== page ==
Historic church in Milwaukee’s Yankee Hill neighborhood.
The entire complex, which shares one taxkey, includes the church, attached hall and a bishop’s manse.
From the 1981 Landmarks Commission/Department of City Development report…
The Cathedral was designed by Edward Townsend Mix and erected in 1868-1869 for the Oilvet Congregational Church. When financial difficulties confronted Oilvet the building was sold to All Saints’ in 1873. The architecture is a stunning example of early Gothic Revival style and is the finest remaining example in Milwaukee. From it’s rectangular form rises a 190-foot-four-story tower. The exterior is virtually unchanged though the chancel was extended in 1908. the interior was remodeled slightly at the time of purchase with the addition of wood-paneled ceilings, chancel screens, stained glass windows, the present altar and the chancel triptych.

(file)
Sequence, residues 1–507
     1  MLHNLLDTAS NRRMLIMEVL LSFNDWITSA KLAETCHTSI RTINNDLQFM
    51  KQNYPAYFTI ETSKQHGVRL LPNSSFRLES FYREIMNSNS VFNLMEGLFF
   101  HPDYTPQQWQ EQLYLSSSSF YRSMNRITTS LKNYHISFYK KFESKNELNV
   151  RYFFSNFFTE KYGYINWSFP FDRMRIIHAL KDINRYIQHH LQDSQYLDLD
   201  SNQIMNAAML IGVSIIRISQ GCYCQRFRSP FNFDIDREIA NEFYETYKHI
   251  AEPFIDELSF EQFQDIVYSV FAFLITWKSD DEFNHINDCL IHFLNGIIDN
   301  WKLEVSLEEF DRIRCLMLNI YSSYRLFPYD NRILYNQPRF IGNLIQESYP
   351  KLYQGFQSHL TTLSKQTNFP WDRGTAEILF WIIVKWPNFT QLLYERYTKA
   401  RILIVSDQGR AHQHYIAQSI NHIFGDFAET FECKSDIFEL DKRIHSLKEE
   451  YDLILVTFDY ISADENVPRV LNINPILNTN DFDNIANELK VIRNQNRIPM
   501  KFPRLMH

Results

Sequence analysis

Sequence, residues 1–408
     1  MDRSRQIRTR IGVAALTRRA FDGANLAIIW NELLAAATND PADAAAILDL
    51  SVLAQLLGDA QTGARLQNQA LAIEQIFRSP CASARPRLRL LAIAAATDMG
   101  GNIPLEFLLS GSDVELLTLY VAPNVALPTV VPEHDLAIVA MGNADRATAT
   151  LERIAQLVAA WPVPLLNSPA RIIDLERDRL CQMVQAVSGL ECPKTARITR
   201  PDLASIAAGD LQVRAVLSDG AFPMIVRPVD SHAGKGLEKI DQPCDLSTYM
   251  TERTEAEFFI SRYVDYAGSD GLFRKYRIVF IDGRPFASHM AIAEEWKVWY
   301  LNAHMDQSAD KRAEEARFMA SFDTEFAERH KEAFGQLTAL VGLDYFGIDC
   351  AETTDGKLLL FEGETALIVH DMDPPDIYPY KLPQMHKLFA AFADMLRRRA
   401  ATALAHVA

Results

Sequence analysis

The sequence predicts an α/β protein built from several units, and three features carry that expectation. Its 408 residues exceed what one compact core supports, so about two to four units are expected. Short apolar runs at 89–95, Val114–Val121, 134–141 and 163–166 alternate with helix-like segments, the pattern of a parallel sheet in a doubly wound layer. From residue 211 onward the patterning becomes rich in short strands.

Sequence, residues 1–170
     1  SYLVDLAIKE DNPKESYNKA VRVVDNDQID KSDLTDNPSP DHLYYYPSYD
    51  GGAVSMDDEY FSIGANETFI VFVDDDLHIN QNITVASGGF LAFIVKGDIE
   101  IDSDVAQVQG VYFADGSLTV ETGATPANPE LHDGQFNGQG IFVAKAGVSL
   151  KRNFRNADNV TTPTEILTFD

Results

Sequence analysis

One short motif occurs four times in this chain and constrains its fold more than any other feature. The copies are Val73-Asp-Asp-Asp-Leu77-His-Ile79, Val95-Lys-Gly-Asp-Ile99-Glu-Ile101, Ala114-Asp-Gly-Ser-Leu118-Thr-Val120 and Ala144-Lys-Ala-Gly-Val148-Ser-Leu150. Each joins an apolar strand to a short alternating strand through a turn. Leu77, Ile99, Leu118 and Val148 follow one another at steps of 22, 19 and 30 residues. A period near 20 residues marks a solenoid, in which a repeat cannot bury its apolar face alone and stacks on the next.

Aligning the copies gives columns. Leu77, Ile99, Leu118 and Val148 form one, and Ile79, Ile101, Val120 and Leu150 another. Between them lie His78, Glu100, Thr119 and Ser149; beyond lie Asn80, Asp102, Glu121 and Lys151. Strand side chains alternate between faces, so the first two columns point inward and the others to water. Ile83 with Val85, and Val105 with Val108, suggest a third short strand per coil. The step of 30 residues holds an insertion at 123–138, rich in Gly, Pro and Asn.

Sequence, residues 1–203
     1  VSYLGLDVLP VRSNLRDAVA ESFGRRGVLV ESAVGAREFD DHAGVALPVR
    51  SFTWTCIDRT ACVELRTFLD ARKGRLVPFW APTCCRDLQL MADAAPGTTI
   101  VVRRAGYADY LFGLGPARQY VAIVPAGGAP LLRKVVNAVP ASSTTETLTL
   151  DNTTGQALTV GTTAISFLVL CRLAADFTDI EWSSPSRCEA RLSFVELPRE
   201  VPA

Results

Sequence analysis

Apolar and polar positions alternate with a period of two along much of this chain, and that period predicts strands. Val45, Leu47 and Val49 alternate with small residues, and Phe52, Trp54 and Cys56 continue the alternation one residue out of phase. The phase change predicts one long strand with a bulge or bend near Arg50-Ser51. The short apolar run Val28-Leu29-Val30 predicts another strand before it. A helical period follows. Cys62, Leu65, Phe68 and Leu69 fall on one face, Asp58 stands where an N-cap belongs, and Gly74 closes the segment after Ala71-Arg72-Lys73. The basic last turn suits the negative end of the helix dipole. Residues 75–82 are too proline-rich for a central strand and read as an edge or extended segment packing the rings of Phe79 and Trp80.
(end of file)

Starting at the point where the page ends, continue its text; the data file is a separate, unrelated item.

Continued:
The Guild Hall-Cathedral Institute was erected in 1891 by Milwaukee architect William D. Kimball. It it a two-story, ivy-covered structure of Gothic Revival design and is connected to the Cathedral. It was built on the site of All Saints’ original chapel and school. The last building in the complex is the Bishop’s House, constructed in 1902-1903. Designed by the Milwaukee firm of Charles Kirchoff and Thomas Leslie Rose, it’s architecture is English Tudor of the early twentieth century.
ROW Excavation Non-Utility.